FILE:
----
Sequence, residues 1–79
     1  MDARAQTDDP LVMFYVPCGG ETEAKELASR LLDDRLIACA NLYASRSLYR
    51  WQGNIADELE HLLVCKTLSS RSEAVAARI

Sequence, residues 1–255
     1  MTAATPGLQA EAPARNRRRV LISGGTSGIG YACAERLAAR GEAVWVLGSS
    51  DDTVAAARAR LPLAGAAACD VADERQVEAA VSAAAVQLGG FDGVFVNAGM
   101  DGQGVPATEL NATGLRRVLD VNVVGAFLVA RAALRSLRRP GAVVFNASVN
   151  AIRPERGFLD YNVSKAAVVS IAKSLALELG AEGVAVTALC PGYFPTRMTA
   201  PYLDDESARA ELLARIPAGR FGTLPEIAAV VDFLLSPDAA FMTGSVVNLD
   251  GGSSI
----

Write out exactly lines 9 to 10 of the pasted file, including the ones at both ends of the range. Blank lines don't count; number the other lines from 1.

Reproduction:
   201  PYLDDESARA ELLARIPAGR FGTLPEIAAV VDFLLSPDAA FMTGSVVNLD
   251  GGSSI